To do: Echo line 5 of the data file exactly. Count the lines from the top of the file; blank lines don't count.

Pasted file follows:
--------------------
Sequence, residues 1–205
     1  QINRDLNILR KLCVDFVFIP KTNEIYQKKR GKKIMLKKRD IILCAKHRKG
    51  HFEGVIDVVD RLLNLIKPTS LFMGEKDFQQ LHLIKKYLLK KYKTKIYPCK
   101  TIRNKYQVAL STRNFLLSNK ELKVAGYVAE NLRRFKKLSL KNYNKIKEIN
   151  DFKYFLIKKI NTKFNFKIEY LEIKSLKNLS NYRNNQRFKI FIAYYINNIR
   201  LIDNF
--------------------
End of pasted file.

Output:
   151  DFKYFLIKKI NTKFNFKIEY LEIKSLKNLS NYRNNQRFKI FIAYYINNIR